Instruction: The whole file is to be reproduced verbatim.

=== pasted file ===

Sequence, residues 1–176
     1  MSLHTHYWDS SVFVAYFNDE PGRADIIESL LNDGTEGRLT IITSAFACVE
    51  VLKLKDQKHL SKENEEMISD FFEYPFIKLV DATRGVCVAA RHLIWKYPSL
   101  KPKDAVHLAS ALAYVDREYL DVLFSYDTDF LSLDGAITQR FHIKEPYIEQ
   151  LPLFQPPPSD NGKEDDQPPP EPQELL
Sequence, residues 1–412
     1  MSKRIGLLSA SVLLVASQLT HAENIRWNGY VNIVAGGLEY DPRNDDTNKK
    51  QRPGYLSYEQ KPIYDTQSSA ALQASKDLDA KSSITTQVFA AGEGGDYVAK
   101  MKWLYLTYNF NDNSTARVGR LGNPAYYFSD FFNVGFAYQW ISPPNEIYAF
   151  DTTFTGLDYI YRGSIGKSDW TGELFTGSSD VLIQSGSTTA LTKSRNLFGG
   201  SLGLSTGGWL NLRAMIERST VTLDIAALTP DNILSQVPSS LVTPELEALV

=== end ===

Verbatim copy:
Sequence, residues 1–176
     1  MSLHTHYWDS SVFVAYFNDE PGRADIIESL LNDGTEGRLT IITSAFACVE
    51  VLKLKDQKHL SKENEEMISD FFEYPFIKLV DATRGVCVAA RHLIWKYPSL
   101  KPKDAVHLAS ALAYVDREYL DVLFSYDTDF LSLDGAITQR FHIKEPYIEQ
   151  LPLFQPPPSD NGKEDDQPPP EPQELL
Sequence, residues 1–412
     1  MSKRIGLLSA SVLLVASQLT HAENIRWNGY VNIVAGGLEY DPRNDDTNKK
    51  QRPGYLSYEQ KPIYDTQSSA ALQASKDLDA KSSITTQVFA AGEGGDYVAK
   101  MKWLYLTYNF NDNSTARVGR LGNPAYYFSD FFNVGFAYQW ISPPNEIYAF
   151  DTTFTGLDYI YRGSIGKSDW TGELFTGSSD VLIQSGSTTA LTKSRNLFGG
   201  SLGLSTGGWL NLRAMIERST VTLDIAALTP DNILSQVPSS LVTPELEALV